During a seminar in the beginning of October, SINTEF Energy Research and the project partners in PilotCCS presented preliminary results and answered the questions of interested stakeholders.
PilotCCS is one of four projects funded by the EEA Grants and Norway Grants, to promote the implementation of Carbon, Capture and Storage (CCS) in the Czech Republic. More specifically, PilotCCS investigates the technical and economic feasibility of applying CCS in the Czech Republic with a focus on the Vresova IGCC power plant. The project team consists of researchers from the Czech Technical University in Prague, SINTEF Energy Research and Nuclear Research Institute (Řež).
The seminar took place on Wednesday 12th October in Oslo. It was hold with the REPP-CO2 project, and was far from being a one-way communication. Participation from a broad range of interested and dedicated stakeholders from Norway and the Czech Republic allowed for real discussions about the project’s achievements and its possible implications for the future.
The importance of industrial involvement
While PilotCCS is about developing CCS for the power industry, participants also discussed CCS for other industrial processes. To fulfil the project’s objective of promoting CCS in the Czech Republic, we will be involving industry and look at ways to make further use of the project results. In this regards, researcher Monika Vitvarova from Czech Technical University in Prague believes the university’s close contact with the private sector will be an advantage.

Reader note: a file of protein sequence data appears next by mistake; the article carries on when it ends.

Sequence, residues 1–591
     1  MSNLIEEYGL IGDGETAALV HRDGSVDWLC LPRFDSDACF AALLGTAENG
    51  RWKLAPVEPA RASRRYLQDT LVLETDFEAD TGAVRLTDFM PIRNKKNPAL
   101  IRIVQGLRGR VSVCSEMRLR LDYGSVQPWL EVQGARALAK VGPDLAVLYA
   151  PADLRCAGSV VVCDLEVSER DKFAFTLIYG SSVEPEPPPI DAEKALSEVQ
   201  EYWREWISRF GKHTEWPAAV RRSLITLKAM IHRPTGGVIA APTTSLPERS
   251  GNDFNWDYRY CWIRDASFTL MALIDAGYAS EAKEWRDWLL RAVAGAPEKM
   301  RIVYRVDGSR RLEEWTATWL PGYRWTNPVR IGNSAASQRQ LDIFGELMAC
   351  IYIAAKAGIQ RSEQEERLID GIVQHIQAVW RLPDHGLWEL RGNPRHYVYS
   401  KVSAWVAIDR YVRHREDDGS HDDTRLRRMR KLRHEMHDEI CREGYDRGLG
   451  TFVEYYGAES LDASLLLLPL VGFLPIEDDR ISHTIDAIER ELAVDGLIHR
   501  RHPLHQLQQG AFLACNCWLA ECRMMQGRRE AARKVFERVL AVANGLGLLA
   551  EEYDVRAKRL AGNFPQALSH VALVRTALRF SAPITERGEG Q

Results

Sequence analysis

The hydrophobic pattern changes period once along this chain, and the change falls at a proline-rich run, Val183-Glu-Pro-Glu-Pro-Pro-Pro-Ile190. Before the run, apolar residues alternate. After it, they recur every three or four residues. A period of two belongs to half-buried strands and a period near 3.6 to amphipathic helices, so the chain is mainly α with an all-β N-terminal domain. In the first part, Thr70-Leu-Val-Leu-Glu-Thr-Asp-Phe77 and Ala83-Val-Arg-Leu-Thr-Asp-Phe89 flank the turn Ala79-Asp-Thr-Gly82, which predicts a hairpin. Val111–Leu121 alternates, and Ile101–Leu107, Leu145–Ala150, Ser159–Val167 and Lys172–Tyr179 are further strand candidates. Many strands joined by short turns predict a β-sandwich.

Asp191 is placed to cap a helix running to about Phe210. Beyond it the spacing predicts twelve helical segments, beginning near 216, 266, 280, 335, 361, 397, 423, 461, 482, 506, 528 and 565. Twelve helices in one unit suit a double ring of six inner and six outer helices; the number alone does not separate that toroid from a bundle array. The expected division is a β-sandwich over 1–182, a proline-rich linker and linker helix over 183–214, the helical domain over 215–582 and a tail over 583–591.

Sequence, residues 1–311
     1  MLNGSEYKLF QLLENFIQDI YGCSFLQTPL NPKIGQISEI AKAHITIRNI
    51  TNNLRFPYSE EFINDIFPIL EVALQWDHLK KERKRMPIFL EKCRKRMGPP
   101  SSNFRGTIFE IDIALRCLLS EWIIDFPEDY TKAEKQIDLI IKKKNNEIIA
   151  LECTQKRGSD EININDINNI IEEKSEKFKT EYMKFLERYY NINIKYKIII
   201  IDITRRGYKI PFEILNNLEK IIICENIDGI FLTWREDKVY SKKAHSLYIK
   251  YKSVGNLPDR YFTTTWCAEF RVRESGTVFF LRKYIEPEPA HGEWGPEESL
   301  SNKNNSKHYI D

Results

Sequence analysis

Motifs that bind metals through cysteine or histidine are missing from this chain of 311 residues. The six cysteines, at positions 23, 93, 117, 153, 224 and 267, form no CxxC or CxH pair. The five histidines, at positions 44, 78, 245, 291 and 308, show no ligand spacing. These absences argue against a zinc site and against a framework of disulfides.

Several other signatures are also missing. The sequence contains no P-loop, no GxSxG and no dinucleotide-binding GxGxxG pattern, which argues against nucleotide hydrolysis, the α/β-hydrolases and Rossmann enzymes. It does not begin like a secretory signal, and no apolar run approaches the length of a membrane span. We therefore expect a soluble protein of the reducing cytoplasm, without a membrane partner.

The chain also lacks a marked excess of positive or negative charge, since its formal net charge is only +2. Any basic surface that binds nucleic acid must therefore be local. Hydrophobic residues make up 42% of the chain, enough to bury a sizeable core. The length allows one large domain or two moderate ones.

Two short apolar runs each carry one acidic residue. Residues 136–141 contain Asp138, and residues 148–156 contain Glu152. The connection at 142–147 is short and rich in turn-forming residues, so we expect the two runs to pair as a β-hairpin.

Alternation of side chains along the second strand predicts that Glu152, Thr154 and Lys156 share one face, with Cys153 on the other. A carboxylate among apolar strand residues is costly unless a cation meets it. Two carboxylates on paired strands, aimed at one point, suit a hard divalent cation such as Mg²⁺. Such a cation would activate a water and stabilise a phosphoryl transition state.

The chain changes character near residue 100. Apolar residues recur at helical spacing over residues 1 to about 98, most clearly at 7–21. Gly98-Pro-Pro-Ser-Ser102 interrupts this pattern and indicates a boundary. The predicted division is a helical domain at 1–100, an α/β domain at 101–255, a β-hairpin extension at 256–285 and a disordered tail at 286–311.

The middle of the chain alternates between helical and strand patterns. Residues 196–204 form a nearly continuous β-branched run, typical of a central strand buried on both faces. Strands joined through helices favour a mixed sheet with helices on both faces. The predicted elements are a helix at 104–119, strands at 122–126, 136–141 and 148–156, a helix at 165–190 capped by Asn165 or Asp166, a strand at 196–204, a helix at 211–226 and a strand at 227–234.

Researcher Simon Roussanaly at SINTEF Energy Research also underlines the role of industrial involvement. One must enable knowledge transfer between international CCS actors. According to Roussanaly, in order to bring CCS closer to implementation, it is also important to further developing new CO2 capture technologies for IGCCs. Such as low-temperature and membranes, and to reduce the financial risk associated with CCS deployment.
Transferring knowledge between countries
Both researchers point to the value of cross-border cooperation. Like the other international projects, PilotCCS enables transfer of existing and newly developed knowledge between Norway and Czech Republic. Vitvarova is doing a research visit in Trondheim since September. She welcomes new cooperation projects after PilotCCS ends in December.
The seminar in Oslo was held one week after the Norwegian government launched the state budget for 2017 allocating 360 million NOK to continue the three studies of full-scale CCS, confirming Norwegian commitment to CCS. It seems that a new Czech-Norwegian cooperation for this low carbon technology may very well be a possibility.